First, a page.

The Tampa Bay Area's fourth annual India International Film Festival, just days away, promises to introduce filmgoers to different facets of Indian culture.
From documentaries to touching family dramas, the festival, which runs Feb. 15-17 at Muvico Centro Ybor, features something for everyone.
"The cool thing is that there is nothing like it in the entire state of Florida," said Hetal Gandhi, the festival's director of press and media. "And over the past four years, it's turned into one of the premiere Indian film festivals in the country."
Francis Vayalumkal, former president of the Indo-US Chamber of Commerce in Tampa, founded the festival with a two-fold mission in mind. One, he wanted to create a cultural event that would bring together the local Indian community. According to the film festival website, the Tampa Bay area is home to more than 35,000 people of Indian descent, a demographic that continues to grow at a steady pace and contributes approximately $3 billion in revenue to the local economy. But secondly — and perhaps more importantly — Vayalumkal wanted to expose others to Indian issues and culture.
"People always associate Indian film with Bollywood," Gandhi said. "But Indian films go beyond the musical numbers of Bollywood ... There's more to Indian culture than that. The festival's films showcase Indian issues that are more real than what you see in Bollywood cinema."
The festival kicks off Friday, Feb. 15, with a red carpet event, VIP reception, and dinner, followed by Listen Amaya, the first screening (8:30 p.m.). Directors Avinash Kumar and Geeta Singh will be in attendance for a Q-and-A segment following the movie. The film, which tells the story of a mother-daughter relationship in a contemporary, urban setting, stars Deepti Naval, a famous Bollywood actress turned indie and art house darling.
In the documentary Yoga Is: A Transformational Journey, California-based yogi and director Suzanne Bryant deals with the grief of losing her mother to cancer by traveling to India in search of a deeper meaning of the practice of yoga. Bryant will be available for a Q-and-A session after the film is shown on Saturday at 1:15 p.m. The next day, she'll teach a free yoga class at 11 a.m. in Centro Ybor's courtyard.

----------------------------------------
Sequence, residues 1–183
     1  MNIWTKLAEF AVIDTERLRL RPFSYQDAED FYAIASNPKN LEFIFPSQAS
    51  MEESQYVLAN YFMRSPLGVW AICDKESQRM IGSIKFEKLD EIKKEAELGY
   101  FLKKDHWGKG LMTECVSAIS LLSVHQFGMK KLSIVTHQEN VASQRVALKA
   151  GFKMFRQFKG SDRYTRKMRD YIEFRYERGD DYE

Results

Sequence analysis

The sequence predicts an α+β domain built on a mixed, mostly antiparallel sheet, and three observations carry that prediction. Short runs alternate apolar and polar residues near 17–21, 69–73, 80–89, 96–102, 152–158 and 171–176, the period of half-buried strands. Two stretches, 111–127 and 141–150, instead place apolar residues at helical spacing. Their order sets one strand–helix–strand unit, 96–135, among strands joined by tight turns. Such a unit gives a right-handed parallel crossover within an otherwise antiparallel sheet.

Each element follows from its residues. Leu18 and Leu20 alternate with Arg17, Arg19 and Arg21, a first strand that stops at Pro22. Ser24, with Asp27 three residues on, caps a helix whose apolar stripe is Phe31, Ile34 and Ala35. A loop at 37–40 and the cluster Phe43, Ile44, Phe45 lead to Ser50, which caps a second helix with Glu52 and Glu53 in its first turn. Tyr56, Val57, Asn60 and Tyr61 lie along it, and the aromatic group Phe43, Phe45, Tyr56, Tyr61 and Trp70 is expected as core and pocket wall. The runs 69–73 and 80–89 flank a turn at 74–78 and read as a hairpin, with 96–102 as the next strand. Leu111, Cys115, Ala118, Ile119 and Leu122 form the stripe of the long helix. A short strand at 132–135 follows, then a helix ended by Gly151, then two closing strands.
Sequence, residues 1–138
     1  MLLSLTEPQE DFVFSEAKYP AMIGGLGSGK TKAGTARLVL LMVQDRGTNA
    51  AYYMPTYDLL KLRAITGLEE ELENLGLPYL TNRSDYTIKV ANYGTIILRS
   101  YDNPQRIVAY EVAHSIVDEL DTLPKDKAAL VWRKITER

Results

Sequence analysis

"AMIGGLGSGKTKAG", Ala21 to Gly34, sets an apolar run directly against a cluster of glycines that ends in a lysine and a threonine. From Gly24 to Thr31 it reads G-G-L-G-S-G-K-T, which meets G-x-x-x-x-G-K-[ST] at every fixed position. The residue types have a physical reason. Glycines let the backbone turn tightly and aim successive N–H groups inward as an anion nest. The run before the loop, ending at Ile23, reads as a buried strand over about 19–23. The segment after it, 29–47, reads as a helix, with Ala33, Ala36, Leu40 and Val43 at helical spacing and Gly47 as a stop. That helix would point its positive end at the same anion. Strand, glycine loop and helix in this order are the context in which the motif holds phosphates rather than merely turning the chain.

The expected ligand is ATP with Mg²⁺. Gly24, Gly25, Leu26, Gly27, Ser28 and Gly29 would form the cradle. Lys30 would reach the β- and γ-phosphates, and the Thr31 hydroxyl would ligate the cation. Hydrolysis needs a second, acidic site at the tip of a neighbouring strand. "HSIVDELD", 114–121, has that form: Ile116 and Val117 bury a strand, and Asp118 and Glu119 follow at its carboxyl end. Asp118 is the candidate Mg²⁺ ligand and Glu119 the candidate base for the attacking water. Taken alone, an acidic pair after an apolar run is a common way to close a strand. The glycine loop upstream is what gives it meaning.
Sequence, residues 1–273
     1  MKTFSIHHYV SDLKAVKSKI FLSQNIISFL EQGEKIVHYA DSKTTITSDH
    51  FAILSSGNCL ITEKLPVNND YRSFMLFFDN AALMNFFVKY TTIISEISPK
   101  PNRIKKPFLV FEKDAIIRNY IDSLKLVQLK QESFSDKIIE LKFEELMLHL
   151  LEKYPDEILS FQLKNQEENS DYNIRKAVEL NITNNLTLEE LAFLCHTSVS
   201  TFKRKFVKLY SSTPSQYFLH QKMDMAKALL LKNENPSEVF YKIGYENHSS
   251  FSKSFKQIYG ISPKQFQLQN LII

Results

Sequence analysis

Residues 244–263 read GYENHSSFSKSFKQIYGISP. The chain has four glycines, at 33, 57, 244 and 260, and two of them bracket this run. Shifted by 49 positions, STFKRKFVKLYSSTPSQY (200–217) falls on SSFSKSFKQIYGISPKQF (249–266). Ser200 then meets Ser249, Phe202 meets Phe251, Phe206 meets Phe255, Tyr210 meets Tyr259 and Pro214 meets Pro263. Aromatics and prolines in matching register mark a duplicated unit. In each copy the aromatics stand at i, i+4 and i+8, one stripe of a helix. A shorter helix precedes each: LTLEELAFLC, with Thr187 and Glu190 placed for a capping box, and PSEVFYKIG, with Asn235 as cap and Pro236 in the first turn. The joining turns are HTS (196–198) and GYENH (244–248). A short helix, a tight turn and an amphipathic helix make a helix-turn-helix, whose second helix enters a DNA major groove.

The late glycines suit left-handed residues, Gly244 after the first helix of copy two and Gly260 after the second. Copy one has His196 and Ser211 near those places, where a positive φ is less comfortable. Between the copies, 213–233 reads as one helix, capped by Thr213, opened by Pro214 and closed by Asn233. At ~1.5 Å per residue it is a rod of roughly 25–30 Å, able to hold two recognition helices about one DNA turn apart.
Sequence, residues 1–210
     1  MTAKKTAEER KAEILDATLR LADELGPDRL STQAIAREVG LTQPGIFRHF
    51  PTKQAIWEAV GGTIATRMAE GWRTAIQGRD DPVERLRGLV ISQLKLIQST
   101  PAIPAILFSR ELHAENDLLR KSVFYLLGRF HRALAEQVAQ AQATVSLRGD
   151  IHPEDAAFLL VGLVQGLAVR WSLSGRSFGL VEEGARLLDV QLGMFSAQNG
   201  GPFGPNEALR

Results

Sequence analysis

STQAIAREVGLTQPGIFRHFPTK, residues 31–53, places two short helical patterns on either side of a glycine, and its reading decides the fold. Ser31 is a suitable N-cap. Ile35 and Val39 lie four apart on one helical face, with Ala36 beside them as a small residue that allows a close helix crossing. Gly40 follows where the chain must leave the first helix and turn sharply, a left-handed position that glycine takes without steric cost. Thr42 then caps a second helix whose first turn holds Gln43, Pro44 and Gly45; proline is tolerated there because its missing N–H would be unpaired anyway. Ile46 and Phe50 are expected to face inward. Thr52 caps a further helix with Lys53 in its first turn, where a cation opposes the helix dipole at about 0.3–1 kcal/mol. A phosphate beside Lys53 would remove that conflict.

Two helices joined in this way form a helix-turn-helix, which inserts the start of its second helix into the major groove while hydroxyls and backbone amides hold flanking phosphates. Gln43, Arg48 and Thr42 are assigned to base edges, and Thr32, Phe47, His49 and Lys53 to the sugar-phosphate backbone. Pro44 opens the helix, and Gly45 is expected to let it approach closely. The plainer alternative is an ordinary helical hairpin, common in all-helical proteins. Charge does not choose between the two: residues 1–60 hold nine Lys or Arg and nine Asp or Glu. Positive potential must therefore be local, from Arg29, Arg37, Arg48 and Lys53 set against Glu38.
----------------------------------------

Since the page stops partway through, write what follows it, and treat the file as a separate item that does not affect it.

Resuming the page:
Also on Saturday, catch: Planes, Trains & Autorickshaws, a documentary about three American sisters raised in India by missionary parents who return to the country of their childhood for the first time in 50 years; Gattu, the tale of an illiterate street boy whose ambition is to fly kites; and A Gran Plan, about the moving friendship between a troubled young boy and an older lady.
Sunday, Feb. 17, features Valley of Saints, the debut from Musa Syeed. Showing at 8:10 p.m., the film — which was screened at Sundance Film Festival where it won the World Cinema Audience Award and Alfred P. Sloan Prize — follows Gulzar, a young tourist boatman who is forced to run away from his home in Kashmir because of war and poverty. Through Gulzar's story, Syeed highlights the issues faced by many Indians who struggle to balance the country's contemporary issues with its cultural traditions as the world changes around them.
Also on Sunday, catch: Little Terrors, the story of a 13-year-old American boy recruited by a terrorist group to bomb a U.S. embassy in Delhi; Highway, a film that explores and interweaves five different relationships during an ill-fated bus journey through Nepal; and Paanch Adhyay, which focuses on the love story of a contemporary Indian couple.
A pass for the opening night film and reception is $50 and a three-day festival pass can be purchased for $75. One-day passes ($25) and two-day passes ($40) are also available. Individual movie tickets are $5 or $10 depending on the film. Until Friday at 9 a.m., you can get 2-4-1 one-day, two-day and three-day passes on our CL Deals page!